It should be noted, however, that GRI and ISO 26000 do ted to engage in window dressing or managerial cap-
not provide any mechanism to assure uniform quality of ture in the sense that they may emphasize issues and
information included in CSR reports using their guidelines; performance measures that would put corporate manage-
nor do they assure any independent external verification of ment in a good light rather than detailed information that is
the information contained in the CSR report. The endeavor relevant to societal expectations (Delmas and Burbano
is collaborative and depends entirely on the commitment of 2011; Palazzo and Richter 2005).
the companies to prepare their CSR report using the ISO The second approach calls for the companies to create
26000 and GRI guidelines. integrated reports where financial and ESG elements are
GRI and ISO 26000 also emphasize strengthening the containedgenerally in separate sectionsin the same
credibility of the CSR reporting and encourage attaining report (Eccles and Armbrester 2011; Eccles and Krzus
some measure of quality assurance in the CSR reports. 2010; Schaltegger and Wagner 2011). This approach sim-
While both GRI and ISO 26000 underscore the need for plifies the task of report creation by standardizing the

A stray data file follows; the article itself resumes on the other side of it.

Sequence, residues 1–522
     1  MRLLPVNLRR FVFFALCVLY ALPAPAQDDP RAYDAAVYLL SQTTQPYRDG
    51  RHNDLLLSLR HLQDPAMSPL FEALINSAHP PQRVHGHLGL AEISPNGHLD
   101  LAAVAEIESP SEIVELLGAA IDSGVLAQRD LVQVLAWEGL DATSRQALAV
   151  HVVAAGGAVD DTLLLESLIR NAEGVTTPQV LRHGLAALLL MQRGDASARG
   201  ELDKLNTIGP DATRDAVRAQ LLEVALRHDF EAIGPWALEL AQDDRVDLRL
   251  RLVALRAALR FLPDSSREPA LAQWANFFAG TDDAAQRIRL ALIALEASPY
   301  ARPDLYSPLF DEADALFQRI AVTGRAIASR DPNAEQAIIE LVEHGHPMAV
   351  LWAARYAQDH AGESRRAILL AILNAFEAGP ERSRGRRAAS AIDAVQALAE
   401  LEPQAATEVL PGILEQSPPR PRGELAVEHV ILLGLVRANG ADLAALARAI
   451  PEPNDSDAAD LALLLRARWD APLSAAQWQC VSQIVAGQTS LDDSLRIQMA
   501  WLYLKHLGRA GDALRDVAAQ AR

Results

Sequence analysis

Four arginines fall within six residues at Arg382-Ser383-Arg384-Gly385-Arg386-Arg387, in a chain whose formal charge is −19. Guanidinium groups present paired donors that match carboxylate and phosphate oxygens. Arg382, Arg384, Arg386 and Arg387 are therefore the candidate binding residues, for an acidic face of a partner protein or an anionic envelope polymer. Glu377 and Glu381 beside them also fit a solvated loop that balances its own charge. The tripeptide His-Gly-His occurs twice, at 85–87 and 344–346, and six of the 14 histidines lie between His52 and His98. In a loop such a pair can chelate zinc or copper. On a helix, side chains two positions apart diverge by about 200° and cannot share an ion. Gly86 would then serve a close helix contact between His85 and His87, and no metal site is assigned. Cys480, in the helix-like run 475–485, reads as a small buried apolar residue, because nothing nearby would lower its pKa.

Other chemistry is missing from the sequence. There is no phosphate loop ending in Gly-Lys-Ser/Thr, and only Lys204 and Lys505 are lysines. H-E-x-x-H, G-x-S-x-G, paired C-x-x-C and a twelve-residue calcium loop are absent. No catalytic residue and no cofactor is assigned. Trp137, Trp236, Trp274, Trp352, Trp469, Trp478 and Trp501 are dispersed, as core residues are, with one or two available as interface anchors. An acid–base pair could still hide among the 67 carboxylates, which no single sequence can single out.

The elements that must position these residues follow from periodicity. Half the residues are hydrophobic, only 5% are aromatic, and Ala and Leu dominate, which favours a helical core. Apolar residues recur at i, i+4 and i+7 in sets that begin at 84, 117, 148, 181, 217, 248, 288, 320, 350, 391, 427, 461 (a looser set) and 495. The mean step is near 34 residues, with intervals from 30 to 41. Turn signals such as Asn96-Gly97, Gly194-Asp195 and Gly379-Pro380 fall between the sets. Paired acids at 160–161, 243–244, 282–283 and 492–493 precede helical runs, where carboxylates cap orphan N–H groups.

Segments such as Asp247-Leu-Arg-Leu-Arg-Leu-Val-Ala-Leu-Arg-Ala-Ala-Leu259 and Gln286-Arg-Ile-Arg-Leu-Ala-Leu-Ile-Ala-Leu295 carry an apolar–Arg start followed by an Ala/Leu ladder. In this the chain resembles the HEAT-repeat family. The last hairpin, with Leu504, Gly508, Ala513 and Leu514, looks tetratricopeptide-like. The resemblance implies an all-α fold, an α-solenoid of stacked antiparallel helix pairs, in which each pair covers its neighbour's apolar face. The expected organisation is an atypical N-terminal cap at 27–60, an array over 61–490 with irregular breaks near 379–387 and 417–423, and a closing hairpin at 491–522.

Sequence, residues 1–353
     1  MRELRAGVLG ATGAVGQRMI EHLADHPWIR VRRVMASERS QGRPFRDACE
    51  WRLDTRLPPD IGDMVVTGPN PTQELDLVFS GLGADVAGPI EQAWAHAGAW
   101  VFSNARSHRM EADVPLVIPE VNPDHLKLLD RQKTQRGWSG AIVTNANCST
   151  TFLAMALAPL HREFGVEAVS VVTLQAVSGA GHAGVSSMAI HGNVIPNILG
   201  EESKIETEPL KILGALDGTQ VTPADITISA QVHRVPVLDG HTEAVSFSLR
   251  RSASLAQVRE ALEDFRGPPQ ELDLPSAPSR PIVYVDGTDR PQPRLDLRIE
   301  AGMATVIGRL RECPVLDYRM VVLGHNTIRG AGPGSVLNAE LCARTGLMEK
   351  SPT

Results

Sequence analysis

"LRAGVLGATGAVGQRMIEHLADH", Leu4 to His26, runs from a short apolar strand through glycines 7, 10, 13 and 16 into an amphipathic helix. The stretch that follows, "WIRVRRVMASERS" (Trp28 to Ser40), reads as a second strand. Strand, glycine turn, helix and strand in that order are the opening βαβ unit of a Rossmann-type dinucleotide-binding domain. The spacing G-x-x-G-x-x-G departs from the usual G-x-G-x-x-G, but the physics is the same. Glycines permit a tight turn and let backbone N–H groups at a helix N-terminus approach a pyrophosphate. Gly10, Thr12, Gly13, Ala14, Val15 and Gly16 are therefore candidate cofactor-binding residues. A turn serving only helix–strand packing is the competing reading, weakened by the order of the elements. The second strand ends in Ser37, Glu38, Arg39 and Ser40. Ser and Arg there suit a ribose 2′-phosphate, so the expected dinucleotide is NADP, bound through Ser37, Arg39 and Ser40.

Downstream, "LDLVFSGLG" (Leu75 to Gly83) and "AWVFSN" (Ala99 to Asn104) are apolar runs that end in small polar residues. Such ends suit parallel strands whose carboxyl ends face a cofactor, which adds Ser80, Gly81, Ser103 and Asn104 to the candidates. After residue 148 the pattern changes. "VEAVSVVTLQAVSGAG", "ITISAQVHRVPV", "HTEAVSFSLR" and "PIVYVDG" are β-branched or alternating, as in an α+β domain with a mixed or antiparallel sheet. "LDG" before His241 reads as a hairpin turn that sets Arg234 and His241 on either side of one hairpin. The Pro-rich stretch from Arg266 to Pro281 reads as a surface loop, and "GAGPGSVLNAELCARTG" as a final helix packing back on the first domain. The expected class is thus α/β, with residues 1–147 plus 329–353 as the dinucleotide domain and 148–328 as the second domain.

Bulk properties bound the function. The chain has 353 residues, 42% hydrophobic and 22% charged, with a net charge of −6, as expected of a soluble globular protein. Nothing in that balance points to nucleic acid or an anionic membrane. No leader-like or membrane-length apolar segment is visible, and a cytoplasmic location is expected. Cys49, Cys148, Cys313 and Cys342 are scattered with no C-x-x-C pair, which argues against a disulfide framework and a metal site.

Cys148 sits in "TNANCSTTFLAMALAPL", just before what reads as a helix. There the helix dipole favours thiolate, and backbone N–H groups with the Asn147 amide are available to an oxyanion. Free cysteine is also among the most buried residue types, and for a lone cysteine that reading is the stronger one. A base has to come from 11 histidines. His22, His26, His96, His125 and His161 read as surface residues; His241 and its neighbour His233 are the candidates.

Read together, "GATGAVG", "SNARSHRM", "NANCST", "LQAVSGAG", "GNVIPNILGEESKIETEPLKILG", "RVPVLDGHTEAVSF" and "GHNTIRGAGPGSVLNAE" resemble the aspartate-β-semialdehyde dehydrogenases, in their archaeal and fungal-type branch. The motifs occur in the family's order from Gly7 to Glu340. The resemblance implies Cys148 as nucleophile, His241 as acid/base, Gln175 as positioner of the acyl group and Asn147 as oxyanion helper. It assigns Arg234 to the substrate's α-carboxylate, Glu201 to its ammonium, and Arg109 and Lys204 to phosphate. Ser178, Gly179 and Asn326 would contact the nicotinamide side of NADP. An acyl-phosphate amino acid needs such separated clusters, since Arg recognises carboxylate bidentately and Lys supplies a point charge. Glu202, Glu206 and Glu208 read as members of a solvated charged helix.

comparability of reporting over time as well as among peer treatment of various contextual elements (IIRC 2011).
organizations and aim to achieve this through standard- Unfortunately, it also regresses the treatment of ESG issues
ization, they do not provide any mechanism to monitor and to narrower financial terms and thus limits the scope of
assess the extent to which organizations follow procedures discussion in terms of broader issues of public policy where
outlined in these frameworks in the reporting process. The the companys external stakeholders would be interested in
CSR-S Monitor used in our analysis in the current paper learning about both the positive and negative externalities